2018: To New Beginnings
Source：Sinchen.Lin (CC BY 2.0)
Is time socially constructed? If so, why do we make new year resolutions? Having said goodbye to the bumpy year of 2017, how should we keep making progress?
2018: To New BeginningsBy Keerthi Sridharan
At 11 pm on the 31st of December, I gathered a friend, a fleece jacket, and a hot drink - the essentials - and headed to stake out the best place to look at the fireworks. An hour before midnight, as we eventually learned, is way too late to start this; the sea of people in Xinyi had had the exact same idea as us, only much, much sooner. Even so, we found a miniscule patch of grass, set down our jackets as blankets, and settled in to watch the festivities unfold.
It’s so easy to think of time as some great intangible villain, cutting long nights short and demanding that good things end. It’s easier still to dismiss time as a social construct, something that has no standing in the ‘real’ world. The general trend towards the end of the year is one of rejection and nonconformity; people want to differentiate themselves from the ‘rest’ of the world, and the easiest way to do that is to say that the 101 light show isn’t worth it, or that the concept of a new year is useless, or - for my more maudlin friends - that the only productive use of anyone’s time is to constantly ponder mortality.
That is to say, the closer we get to the end of the year, the more occurrences there are of people who, to put it simply, find problems with other people’s happiness.
The idea that time is fake isn’t a new-age edgy concept anymore - society is made up of various social constructs, and they’re what give us comfort in a world that seems otherwise overrun by tragedy and hopelessness.
2017 wasn’t a great year, in so many ways. People have suffered through the last twelve months, against all the odds; I see no inherent cardinal sin in celebrating that.
The fireworks seemed to end as quickly as they’d begun, but we stayed on the grass for a good half hour afterwards, watching people seek out chicken and pork skewers, sitting back and listening to the city, wide awake in the middle of the night. All around me were the things that I’ve come to hold so dear about spending the New Year in Taipei - the smell of street food cooking, the yells of delighted children chasing after each other, and the lights of sparklers held in tiny fists in my periphery. We watched, slowly, as things started to go back to normal. As more and more time passed, we began noticing the piles of discarded bottles and trash on the streets, rather than the exuberant, ecstatic partygoers who had left them behind.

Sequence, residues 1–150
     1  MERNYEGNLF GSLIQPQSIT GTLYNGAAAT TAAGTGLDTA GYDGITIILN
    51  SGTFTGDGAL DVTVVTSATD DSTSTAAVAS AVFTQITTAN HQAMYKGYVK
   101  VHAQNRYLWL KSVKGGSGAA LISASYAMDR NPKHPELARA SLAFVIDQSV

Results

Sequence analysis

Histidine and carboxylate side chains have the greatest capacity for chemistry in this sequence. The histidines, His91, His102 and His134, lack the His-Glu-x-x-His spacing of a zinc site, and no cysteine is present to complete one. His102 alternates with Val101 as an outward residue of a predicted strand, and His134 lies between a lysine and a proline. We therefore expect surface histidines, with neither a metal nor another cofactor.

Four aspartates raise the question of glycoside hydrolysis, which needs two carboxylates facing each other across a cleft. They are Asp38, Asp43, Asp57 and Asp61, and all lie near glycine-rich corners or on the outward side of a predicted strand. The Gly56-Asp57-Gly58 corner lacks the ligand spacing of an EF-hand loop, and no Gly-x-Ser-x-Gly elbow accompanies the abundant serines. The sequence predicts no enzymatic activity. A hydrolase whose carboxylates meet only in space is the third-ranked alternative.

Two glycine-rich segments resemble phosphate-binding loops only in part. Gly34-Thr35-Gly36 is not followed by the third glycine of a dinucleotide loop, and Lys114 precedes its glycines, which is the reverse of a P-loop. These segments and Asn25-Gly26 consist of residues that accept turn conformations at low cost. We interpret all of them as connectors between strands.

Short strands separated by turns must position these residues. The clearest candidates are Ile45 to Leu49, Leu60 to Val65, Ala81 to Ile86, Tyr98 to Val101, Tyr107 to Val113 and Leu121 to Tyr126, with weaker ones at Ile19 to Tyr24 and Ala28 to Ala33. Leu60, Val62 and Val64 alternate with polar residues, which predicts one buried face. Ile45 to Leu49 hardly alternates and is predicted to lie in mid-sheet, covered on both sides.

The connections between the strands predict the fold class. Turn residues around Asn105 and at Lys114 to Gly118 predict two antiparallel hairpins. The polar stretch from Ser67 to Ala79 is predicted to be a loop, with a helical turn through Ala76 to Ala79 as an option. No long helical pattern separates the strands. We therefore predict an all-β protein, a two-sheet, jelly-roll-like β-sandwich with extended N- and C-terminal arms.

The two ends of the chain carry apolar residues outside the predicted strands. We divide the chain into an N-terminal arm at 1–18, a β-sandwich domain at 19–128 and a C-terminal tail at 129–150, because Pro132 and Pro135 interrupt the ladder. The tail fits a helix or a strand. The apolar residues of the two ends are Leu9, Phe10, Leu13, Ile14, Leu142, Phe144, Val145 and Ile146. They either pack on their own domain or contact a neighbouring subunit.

People ended up back at their houses, the trash was cleaned up, and Taipei welcomed 2018 with a fresh wash of rain. With the New Year comes new resolutions, new promises, and new “me”s, which are all met with skepticism and disdain from the same people who refuse to celebrate the year’s end. What is the point, people ask, of writing out a list of ways to improve yourself if you’re just going to go back to the ‘same old you’ in a week or two?
The point is, of course, that you’re taking the time to write out that list in the first place. Self-criticism is an invaluable skill, and productive self-criticism can lead to genuine progress in terms of simply becoming a better person. As to why one should do that on the first day of the year, as opposed to any other day, that part’s simple - it’s so much easier to sit down and reflect when you know that everyone around you is doing the same. So get out your to-do lists and your rolls of washi tape and your .05 muji pens. And a day, a week, a month from now, if you aren’t where you thought you’d be with everything you’re trying to accomplish, tell yourself that at least you tried. And then keep trying.
Edited by: Shawn Chou
Keerthi Sridharan is an 18-year-old poet, writer and musician currently pursuing a Bachelor of Arts in English at Oberlin College. She has lived in Chennai, New Delhi, Beijing, Hong Kong, Fiji, Washington, D.C., and most recently, Taipei.